Some of you may know of the quasi-debate that happened over the years between Jürgen Habermas and Michel Foucault. While I would have preferred to see Adorno resurrected so he could have argued with Deleuze in his prime, this is as close as we can get to an attempt to delineate the differences between post-structuralism and Critical Theory on the question of power and reason. Below is a short essay introduction to the debate which is more fully outlined in Critique and Power: Recasting the Foucault / Habermas Debate by Michael Kelly, a text I, unfortunately, couldn't conjure up a pdf download for.
I'm posting this because the two positions outlined here in many ways lay out the stakes for the continual debate between the more modern/enlightenment approach that assumes a priori a universalist form of reason and the post-structuralist notions of language and power. I come down on the side of Foucault here, though I don't think the presentation in this essay is the best nor do I think Foucault's actual arguments are the best on the topic, mostly because he is always trying not to engage as a "theorist" in his writings. For Foucault, while it may be possible to conceive of consensus and shared reason as a universal, even if it is imprecise in certain social contexts and spaces, it always falls flat in the face of history. Thus certain, of what I'll call, social fields are invested in such a manner as to have no meaningful way of being captured in universal reason. War comes to mind, but there are more immediate examples we can use. It's easy to see the way, following Deleuze and Guattari, that desire will always creep in and contaminate the formalistic structures Habermas would have sanctioning certain social fields like that of the political. Though the "polis" or the "political" as well as the social field of war, for example, immediately present themselves as socio-historical and impossible to formalize into any type of universal reason, interpersonally there is the more immediate social field represented by the concept of love which resists this formalism as well. Habermas must account for all social fields that have this ambiguous and seemingly irrational streak in them, if he is to single out one, such as democracy or civil society, as being able to function as a field of consensual "communicative action" grounded in a universal form of reason. This proves to be exceedingly difficult. Love for example, in the contemporary bourgeois form, requires much to garner any stability between two or more partners. The concept of the political is similar and here Habermas would strip fields like the political of much of their risk by sanctioning the political with a universalist set of rules of discussion. But what is politics without risk? Without ambiguity? Without the ruptures of history as opposed to its smooth and continuous development?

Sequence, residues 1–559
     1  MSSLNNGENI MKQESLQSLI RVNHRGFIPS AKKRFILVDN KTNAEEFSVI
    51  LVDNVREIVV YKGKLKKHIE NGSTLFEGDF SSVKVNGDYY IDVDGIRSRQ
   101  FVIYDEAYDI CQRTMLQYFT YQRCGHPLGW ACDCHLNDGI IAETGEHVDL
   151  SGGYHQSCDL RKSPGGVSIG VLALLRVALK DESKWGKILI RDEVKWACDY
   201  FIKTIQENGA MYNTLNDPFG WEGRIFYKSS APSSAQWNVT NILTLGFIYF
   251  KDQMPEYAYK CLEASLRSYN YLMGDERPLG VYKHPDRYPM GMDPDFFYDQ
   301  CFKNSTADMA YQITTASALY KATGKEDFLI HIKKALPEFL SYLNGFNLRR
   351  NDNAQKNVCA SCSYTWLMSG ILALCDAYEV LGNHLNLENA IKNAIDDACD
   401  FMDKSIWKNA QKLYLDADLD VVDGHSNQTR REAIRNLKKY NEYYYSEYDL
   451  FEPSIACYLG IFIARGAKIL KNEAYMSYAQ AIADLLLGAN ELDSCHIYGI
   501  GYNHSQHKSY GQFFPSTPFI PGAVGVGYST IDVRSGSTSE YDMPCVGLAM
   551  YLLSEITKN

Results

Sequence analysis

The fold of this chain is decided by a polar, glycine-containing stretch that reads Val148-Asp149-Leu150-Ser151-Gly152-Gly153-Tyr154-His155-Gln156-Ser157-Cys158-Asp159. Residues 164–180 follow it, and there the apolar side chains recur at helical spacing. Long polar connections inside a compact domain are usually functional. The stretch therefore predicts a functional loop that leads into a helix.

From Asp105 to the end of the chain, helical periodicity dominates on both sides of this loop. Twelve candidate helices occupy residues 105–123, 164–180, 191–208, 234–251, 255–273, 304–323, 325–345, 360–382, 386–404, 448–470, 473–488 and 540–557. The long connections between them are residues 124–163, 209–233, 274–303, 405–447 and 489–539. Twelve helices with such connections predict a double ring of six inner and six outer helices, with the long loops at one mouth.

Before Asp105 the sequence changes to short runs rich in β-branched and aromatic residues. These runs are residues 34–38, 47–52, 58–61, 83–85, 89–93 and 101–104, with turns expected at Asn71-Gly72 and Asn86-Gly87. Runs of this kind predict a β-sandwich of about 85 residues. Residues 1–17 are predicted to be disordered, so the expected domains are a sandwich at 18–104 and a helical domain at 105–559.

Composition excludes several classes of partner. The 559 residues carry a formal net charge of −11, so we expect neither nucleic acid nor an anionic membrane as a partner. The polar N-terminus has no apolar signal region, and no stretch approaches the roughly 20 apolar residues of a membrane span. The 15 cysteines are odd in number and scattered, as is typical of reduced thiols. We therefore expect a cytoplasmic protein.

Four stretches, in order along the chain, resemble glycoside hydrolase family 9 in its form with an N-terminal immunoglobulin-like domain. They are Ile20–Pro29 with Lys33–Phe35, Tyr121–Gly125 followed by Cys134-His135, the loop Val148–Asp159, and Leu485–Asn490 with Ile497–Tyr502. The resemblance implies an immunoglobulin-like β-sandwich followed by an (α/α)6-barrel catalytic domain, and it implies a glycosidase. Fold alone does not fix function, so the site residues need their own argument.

Similarly, wither love? Love would be meaningless without even its sturdiest formations being drenched with a palpable and inescapable risk. Of course, like in politics sturdy foundations are rarely ever built and thus the surprise at their collapse is only the false startling shock of the wave of histories inevitability washing over the subjects living in it. Habermas would reduce us to units so sanctioned in our "democratic" deliberations that a computer could simulate the outcomes of our struggles. Love can never be captured, in the Deleuzian sense, and neither can politics, no matter how much "reasoned debate" legitimates itself in the face of the barbarism liberal democracy perpetuates. Even so, hope persists. War occasionally enlightens in it's brutality, like the European theater of World War 2. Politics occasionally gives us a fleeting look at emancipation, like Spain in 1936. And love breaks through the alienation of the ordinary and the everyday and like the force of desire and capital itself it finds expression only in an old Marxian formulation,
“All fixed, fast frozen relations, with their train of ancient and venerable prejudices and opinions, are swept away, all new-formed ones become antiquated before they can ossify. All that is solid melts into air, all that is holy is profaned...” A formulation that is proven by every passing moment of every single day.
A short html version of the pdf for an introduction to the Habermas/Foucault debate.